Outcome Reduction With Initial Glargine Intervention - ORIGIN Basal Insulin

Description:

This trial sought to study if early normalization of fasting glucose levels by early provision of basal insulin in patients with impaired fasting glucose (IFG), impaired glucose tolerance (IGT), or early type 2 diabetes mellitus (DM) would be associated with improved cardiovascular (CV) outcomes.

Hypothesis:

Early initiation of basal insulin in the form of titrated insulin glargine would be superior to placebo for improving CV outcomes in patients with IFG, IGT, and early type 2 DM in addition to other CV risk factors.

Study Design

  • Placebo Controlled
  • Randomized
  • Blinded
  • Parallel

Patient Populations:

  • Patients at least 50 years of age with impaired fasting glucose, impaired glucose tolerance, or diabetes (no more than one oral diabetes medication); and
  • Prior MI, stroke, or revascularization; or
  • Angina with documented ischemia; or
  • Ratio of urinary albumin to creatinine >30 mg/g; or
  • Left ventricular hypertrophy; or
  • ≥50% coronary, carotid, or lower extremity artery stenosis; or
  • Ankle-brachial index <0.9

    Number of screened applicants: 15,392
    Number of enrollees: 12,537
    Duration of follow-up: Median 6.2 years
    Mean patient age: 63.5 years
    Percentage female: 35%

Exclusions:

  • HbA1c >9%
  • Coronary artery bypass grafting within 4 years
  • Severe heart failure
  • Cancer

Primary Endpoints:

  • CV death/MI/stroke
  • CV death/MI/stroke/revascularization/CHF hospitalization

Secondary Endpoints:

  • All-cause mortality
  • Composite microvascular outcome
  • Incident DM in those without DM at baseline
  • Incident cancers

Drug/Procedures Used:

Patients with IFG, IGT, or early type 2 DM, with elevated risk for a CV disease event, were randomized to insulin glargine given as a once daily injection in addition to their glycemic-control regimen or placebo. Dose could be increased weekly in the glargine insulin arm to achieve a self-measured finger stick blood glucose (FSBG) level ≤95 mg/dl.

Concomitant Medications:

Angiotensin-converting enzyme inhibitor or angiotensin-receptor blocker (69%), thiazide diuretics (19%), aspirin (70%), beta-blockers (53%), and statin (53%)

Principal Findings:

A total of 12,537 patients were randomized at 573 sites in 40 countries, 6,264 to glargine insulin and 6,273 to placebo. Baseline characteristics were fairly similar between the two arms. About 59% of patients were on oral agents. IFG/IGT was noted in 11%; the overall mean duration of DM was 5.4 years. The median glycated hemoglobin (HbA1c) was 6.4. Approximately 59% had experienced a prior CV event. At the end of 1 year, 50% of patients in the glargine insulin arm had achieved goal FSBG readings. Adherence at 5 years was high (85%). Approximately 11% of patients in the placebo arm were using insulin at the end of the study period. Median glucose levels were lower in the glargine insulin arm at 2 years (90 mg/dl vs. 119 mg/dl). Median HbA1c levels were also lower (6.0% vs. 6.3%). This was sustained up to 7 years of follow-up.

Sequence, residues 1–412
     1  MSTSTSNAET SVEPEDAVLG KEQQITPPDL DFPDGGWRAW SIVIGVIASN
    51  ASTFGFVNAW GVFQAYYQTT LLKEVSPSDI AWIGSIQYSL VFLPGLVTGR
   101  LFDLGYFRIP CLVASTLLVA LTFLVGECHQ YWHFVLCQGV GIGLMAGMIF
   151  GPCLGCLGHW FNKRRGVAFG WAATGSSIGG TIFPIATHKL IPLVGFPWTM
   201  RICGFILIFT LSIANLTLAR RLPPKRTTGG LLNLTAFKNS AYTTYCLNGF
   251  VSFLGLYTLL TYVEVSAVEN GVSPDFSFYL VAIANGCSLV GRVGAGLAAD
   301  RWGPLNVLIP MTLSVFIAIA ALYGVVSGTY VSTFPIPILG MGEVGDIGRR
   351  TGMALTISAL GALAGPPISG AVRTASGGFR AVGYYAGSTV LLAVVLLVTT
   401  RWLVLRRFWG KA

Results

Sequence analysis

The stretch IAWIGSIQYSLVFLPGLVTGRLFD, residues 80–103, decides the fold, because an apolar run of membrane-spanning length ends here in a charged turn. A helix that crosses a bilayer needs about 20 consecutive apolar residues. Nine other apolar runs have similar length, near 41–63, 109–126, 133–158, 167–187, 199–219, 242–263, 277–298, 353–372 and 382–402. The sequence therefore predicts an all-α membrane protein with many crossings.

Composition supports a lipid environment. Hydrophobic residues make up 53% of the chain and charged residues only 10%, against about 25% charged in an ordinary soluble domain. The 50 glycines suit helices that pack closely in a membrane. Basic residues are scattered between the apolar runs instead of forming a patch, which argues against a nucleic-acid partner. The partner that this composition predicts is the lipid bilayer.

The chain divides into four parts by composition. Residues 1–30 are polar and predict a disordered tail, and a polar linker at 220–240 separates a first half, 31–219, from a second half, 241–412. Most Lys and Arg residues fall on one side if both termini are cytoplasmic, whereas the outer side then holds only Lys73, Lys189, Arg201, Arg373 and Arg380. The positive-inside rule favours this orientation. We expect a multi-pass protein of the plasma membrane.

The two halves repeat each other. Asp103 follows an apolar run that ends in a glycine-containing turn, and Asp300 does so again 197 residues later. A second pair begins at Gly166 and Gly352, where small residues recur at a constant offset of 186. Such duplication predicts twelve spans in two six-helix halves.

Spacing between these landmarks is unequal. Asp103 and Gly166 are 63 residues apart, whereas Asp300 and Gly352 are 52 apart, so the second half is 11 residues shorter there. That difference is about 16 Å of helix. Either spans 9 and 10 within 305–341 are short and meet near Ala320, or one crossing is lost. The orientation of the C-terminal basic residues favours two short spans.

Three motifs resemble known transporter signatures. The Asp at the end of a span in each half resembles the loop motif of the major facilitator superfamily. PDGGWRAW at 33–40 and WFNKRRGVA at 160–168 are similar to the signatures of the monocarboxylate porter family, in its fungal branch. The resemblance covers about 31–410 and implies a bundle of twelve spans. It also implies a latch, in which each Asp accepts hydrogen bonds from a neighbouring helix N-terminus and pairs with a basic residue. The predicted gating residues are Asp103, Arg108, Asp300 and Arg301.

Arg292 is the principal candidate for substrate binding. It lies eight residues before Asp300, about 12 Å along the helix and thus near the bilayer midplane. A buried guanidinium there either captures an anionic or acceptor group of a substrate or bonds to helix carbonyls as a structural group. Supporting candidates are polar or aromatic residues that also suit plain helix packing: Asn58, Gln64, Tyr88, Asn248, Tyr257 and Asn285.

Over a median duration of follow-up of 6.2 years, the incidence of the two coprimary endpoints: CV death/myocardial infarction (MI)/stroke (16.6% vs. 16.1%; hazard ratio [HR] 1.02, 95% confidence interval [CI] 0.94-1.11, p = 0.63) and CV death/MI/stroke/revascularization/congestive heart failure (CHF) hospitalization (28.6% vs. 27.5%; HR 1.04, 95% CI 0.97-1.11, p = 0.27) was similar between the glargine insulin and placebo arms. Other outcomes including mortality (15.2% vs. 15.4%, p = 0.70), microvascular complications (21.1% vs. 21.7%, p = 0.43), and any cancer (7.6% vs. 7.6%, p = 0.97) were similar between the two arms.

Among the 1,456 patients without DM at baseline, the risk of incident diabetes was lower in the glargine insulin arm (25% vs. 31%, p = 0.006). In all patients, the incidence of a first episode of severe hypoglycemia was higher in the glargine arm (1/100 patient-year [P-Y] vs. 0.31/100 P-Y, p < 0.001). Other nonsevere hypoglycemic episodes were also more common in the glargine arm. Patients in the glargine arm gained a median of 1.5 kg versus a loss of 0.5 kg in the placebo arm.

Interpretation:

Among patients with diabetes or at risk for diabetes, with high risk for a CV event, the addition of basal insulin in the form of glargine insulin to normalize FSBGs does not reduce CV outcomes as compared with placebo. No difference was noted in the incidence of microvascular complications either. Among patients without DM at baseline, there was a reduction in the incidence of new DM. However, nonsevere and severe hypoglycemic episodes were more common with glargine insulin. Thus, there seems to be no role for long-acting insulin analogues in the initial management of IFG/IGT/early DM. Oral agents, particularly metformin, have the most evidence for use in this patient population.

References:

The ORIGIN Trial Investigators. Basal insulin and cardiovascular and other outcomes in dysglycemia. N Engl J Med 2012;367:319-28.

Clinical Topics: Heart Failure and Cardiomyopathies, Prevention, Acute Heart Failure, Diet

Keywords: Hypertrophy, Left Ventricular, Myocardial Infarction, Stroke, Neoplasms, Follow-Up Studies, Ankle Brachial Index, Diabetes Mellitus, Type 2, Risk Factors, Creatinine, Lower Extremity, Constriction, Pathologic, Hypoglycemia, Hemoglobin A, Glycosylated, Insulin, Long-Acting, Metformin, Blood Glucose, Heart Failure, Hypoglycemic Agents, Confidence Intervals, Fasting


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